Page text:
MANCHESTER, N.H.—Here’s what you need to know about New Hampshire that keeps frontrunner Mitt Romney on his toes and the other candidates putting in 20-hour days: dreams can come true.
Voters here detest coronations, and they have a very long history of taking contrarian positions in elections.
Just ask Barack Obama, who was leading Hillary Clinton in 2008 by 13 points the day before the primary. He was gliding into rallies like a rock star as thousands of people waited in freezing weather to see him. She was tearing up in a diner, looking like a loser. Pundits were writing her obituary.
Just when it seemed Clinton was finished, New Hampshire gave her a stunning upset victory, throwing the Obama campaign into chaos.
These folks do not want to feel the fix is in. And they don’t pay attention to the horse race.
“I don’t want to be told to vote for a candidate because he’s ahead in the polls—I want to get up close and personal and decide for myself,” says Patrick Bracken, a software engineer, who braved a mob of people jammed into a coffee shop Sunday to hear Jon Huntsman speak.
The most recent public-opinion survey, conducted through Sunday evening by the University of New Hampshire and WMUR, shows that only 44 percent of voters have made up their minds. Romney has a commanding lead with 41 percent, followed by Ron Paul at 17 percent, and Jon Huntsman and Rick Santorum tied at 11 percent.
“It’s wide open for second and third place,” says Andrew Smith, director of polling for the University of New Hampshire. “It's not unusual for 15 to 20 percent of voters to make up their minds on Election Day. We can see a surprise Tuesday.”
In the past 25 years, the state has thrown 11th-hour curveballs to many well-funded frontrunners who were expected to win its primary. Among them: Walter Mondale in 1984, Bill Clinton in 1992, George W. Bush in 2000, Howard Dean in 2004, and Obama.
This year, it’s Romney who’s looking over his shoulder as he approaches Tuesday’s first-in-the-nation primary. While no one is suggesting he will lose, neither is anyone ruling out that one of the other candidates could get too close for comfort.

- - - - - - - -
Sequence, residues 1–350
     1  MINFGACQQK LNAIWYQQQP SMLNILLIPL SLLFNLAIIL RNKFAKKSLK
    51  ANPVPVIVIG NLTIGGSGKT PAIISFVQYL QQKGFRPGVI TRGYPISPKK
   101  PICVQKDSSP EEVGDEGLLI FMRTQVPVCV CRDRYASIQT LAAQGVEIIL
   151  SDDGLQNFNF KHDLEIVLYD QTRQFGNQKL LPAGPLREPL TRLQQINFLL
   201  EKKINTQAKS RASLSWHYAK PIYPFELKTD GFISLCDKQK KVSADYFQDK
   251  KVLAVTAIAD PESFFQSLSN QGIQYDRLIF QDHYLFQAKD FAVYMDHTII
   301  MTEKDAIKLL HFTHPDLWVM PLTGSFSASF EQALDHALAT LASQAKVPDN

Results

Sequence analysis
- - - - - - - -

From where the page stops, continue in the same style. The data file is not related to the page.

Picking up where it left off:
Stu Stevens, Romney’s longtime media adviser, says the campaign did in fact study what Obama might have done wrong in the final days of the 2008 primary to cause the free fall. They discovered that voters didn’t want to be treated like fans. “Obama wasn’t taking questions. We said, 'We’re not going to do that,'" says Stevens. “So [Romney] always takes questions.”
Over the past couple of days, a least a dozen voters told The Daily Beast that while they liked Romney—and are even leaning toward him—they were still looking. “I’m not sure how I'm going to use my vote yet,” said financial adviser Jennifer Starr coyly, standing on the fringes of an overcrowded barn listening to Santorum.
Santorum and Huntsman need a strong showing to springboard into South Carolina for its Jan. 21 primary—and both say a strong second-place finish is possible. Pollster Smith says Huntsman may have the best chance of surging into second, although he cautions that the former Utah governor seems to be attracting not the Republican base but independents and “undeclared” voters who may not be as committed to turn out Tuesday.
At the beginning of last week, all eyes shifted to Santorum, the conservative from Pennsylvania, who plunged into campaigning fresh from his strong showing in Iowa, where he unexpectedly finished in a virtual tie with Romney for first place. Thousands of people have swamped his events—mostly saying he deserved a second look after working so hard in Iowa.
One was Joyce Lepine, who has been leaning toward Romney. “I wasn’t paying attention to Santorum because he wasn’t getting traction. But after Iowa I felt he deserved a look. I want a president with strong moral values. He seems like he would make decisions. I don’t know if he can win, and that’s what I need to feel comfortable about." Santorum’s fervent hope is that supporters of Newt Gingrich, who has fallen back in the polls, and Michele Bachmann, who has dropped out, might turn to him.
By Saturday, Huntsman became the man to watch.
He spent months in the state—he skipped the Iowa caucuses—attracting small crowds and minimal press. Now he is now drawing mammoth crowds as he surges in the polls and because of strong debate performances over the weekend. On Sunday, 200 people crammed into a small coffee shop, elbowing to hear him. Several said they were impressed by Huntsman’s response during the debates to Romney’s criticism that he had worked for Obama as ambassador to China. “I served my country,” he said.
Later that night, Huntsman had to push his way into a house party in Bedford—where 40 guests had been expected but 250 showed up. Outside, at least 50 media representatives chronicled his every word.
“They say this state loves an underdog,” Huntsman tells cheering crowds. “I am the underdog. There’s not going to be a coronation, folks.”
Music to their ears.